I missed the day yesterday, even though I had plenty of time to post. Oh well.
First off, thanks again to everyone who came to the Arts Fellowship on Tuesday night! It was a great discussion about identifying as an artist, and I believe we only scratched the surface on that one. If I ever get to artist interviews (someday) I will ask this question over and over – “Do you call yourself an artist, why or why not?”
I also want to encourage everyone to take some time in the next month to do some “breathing exercises.” That means get away from all that distracts you, get to a place that inspires and refills you, and don’t forget to saturate yourself in the type of art you want to make.
Lastly, to add yet another really cool set of art pieces made from paper, here is a video about artist and professor Eric Standley (from Virginia Tech). Thanks once again to the Colossal art blog for highlighting this to me. And I have to admit, I now want a laser paper cutter.
I know, you are asking yourself a number of questions. I have heard of this thing called Google Glass, but now Google is taking on another material? Are these the cheaper version for the masses? And what does this have to do with art?
When I learned about this project I wondered many of the same things. And then I became intrigued. And then I wanted to know the potential use for us, the artists of this latest digital age. So here is a brief synopsis – Google engineers wanted to put Virtual Reality (VR) into the hands of more people. Most people are either 1) not interested or 2) not interested in spending a lot of money. The concept is to create VR goggles (if you will) that can be made for, say, around $10. How? By using cardboard…and a couple of other items, most important of which is a smart phone.
The intriguing part of this approach is that they have created an open-source type phone application specifically made for people to play around with. Obviously this would be great fun for anyone into video games desiring to step into them. But what if….we visual artists took control.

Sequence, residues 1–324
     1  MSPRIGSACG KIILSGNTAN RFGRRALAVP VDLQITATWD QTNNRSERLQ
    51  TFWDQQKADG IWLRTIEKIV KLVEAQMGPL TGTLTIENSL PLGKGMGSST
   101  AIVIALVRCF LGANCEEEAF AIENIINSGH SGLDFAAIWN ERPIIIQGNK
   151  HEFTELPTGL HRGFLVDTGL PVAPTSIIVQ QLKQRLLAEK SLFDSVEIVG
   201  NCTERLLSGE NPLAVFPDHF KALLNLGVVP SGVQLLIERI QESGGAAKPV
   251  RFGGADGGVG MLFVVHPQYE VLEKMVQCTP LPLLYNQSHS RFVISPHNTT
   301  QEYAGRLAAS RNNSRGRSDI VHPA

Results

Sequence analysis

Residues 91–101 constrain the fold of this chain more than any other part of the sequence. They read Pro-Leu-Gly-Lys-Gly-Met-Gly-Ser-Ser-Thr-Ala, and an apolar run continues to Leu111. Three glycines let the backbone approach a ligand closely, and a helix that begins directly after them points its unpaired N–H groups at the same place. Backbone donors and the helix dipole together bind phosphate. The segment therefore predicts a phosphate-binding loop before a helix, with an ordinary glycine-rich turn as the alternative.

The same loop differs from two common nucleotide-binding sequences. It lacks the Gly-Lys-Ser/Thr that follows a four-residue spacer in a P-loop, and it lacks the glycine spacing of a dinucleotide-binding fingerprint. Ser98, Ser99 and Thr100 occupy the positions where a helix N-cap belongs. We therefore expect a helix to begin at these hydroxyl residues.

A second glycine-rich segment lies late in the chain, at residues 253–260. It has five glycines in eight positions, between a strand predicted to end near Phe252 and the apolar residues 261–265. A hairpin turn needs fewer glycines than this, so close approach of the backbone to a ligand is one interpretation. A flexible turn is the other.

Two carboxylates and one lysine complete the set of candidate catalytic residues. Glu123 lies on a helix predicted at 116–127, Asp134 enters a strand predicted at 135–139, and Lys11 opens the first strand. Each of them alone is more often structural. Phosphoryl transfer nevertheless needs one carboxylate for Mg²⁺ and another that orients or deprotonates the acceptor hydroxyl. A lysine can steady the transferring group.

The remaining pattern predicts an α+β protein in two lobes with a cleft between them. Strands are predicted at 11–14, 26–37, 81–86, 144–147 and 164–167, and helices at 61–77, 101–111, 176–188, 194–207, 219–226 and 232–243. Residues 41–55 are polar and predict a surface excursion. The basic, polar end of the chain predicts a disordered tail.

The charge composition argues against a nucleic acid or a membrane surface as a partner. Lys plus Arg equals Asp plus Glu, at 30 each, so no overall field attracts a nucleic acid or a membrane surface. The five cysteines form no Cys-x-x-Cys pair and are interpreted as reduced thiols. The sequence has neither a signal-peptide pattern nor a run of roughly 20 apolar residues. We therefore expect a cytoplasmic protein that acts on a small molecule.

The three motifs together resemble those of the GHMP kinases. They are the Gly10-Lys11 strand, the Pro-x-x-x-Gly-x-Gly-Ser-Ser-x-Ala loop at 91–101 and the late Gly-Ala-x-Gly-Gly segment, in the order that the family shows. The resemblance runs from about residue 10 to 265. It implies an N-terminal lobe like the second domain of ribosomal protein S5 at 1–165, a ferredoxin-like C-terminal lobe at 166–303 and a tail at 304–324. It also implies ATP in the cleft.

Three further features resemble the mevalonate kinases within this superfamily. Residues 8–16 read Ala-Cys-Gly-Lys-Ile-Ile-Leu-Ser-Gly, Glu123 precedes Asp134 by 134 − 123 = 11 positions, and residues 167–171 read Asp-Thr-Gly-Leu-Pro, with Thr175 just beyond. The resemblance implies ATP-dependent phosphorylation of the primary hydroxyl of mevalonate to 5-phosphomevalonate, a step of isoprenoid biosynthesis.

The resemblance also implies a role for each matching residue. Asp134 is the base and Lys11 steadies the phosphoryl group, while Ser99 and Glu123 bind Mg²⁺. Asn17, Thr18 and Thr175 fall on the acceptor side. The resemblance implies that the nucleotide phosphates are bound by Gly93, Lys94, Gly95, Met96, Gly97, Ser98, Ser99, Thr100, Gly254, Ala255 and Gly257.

Paintings could become experiences.
Movies could be completely interactive.
Music could add a visual journey.
Poets could read their poetry to their readers as close to in person as possible.
Now you are asking if I have gone mad? Perhaps. But it does make you wonder about the future of the art world and where it can go. All photos above are directly from Google’s website. Here is the link…
On another note, has anyone seen this Kickstarter campaign? I suppose having a bunch of these digital art displays would make changing the gallery around much easier.
First off – thank you to everyone who came to the Art’s Fellowship meeting last night. It was a rich and convicting time. Thanks to everyone for being open and honest, and for asking tough questions. I hope we can keep the dialog going.
And now for …. lobster? I know that this is unusual, but when you realize this is handmade out of wood, well, you have to be amazed. The artists name is Ryosuke Otake and he designed this for a Japanese Department store exhibition. Making sculptures of animals out of wood that can realistically move is a Japanese tradition, though Otake had never attempted the realistic movement before this creation. Thanks to the Colossal blog for highlighting this to me this morning!
And a fun little picture from his Facebook page….
A new tradition has sprung up in Sydney, Australia. It is an art, light, music, and idea festival bringing the city to life at night during the month of May. You can see pictures on their website. Isn’t it amazing what can be done to a building with some simple projection?
The Guardian and their blog posted this video – Vivid festival lights up Sydney – timelapse video
And Domonic Hawton posted this on YouTube:
I saw this and thought is was rather fun so I am sharing. Have a wonderful Memorial Day Weekend!
This is a short film made by Kelli Anderson and Daniel Dunnam to promote a phone and tablet app called Plants. Learn more about it here.
Have you ever seen a work of art that left you stupefied, silenced, and in wonder? Sometimes creativity has the power to do that, to go beyond what our own minds could even begin to imagine. That, my friends, is the reason I want to start a new blog tradition – Wonder Wednesdays. I will attempt to post every Wednesday something that has grabbed my attention and will (hopefully) grab yours.
Here are some videos of the work of Davy and Kristin McGuire, who combine intricate paper cutting and dioramas with projections, making miniature and large scale worlds come to life on a series of 2D surfaces. Their work is simple, yet beautiful. You can visit their website here. I hope that you all enjoy it…and don’t forget to leave comments!
The Paper Architect
Howl’s Moving Castle
I can’t help but to re-post this amazing artist…his name is Daniel Rozin and his works are both creative, beautiful, and technically masterful. I hope that this inspires everyone! See you tomorrow night at Spark!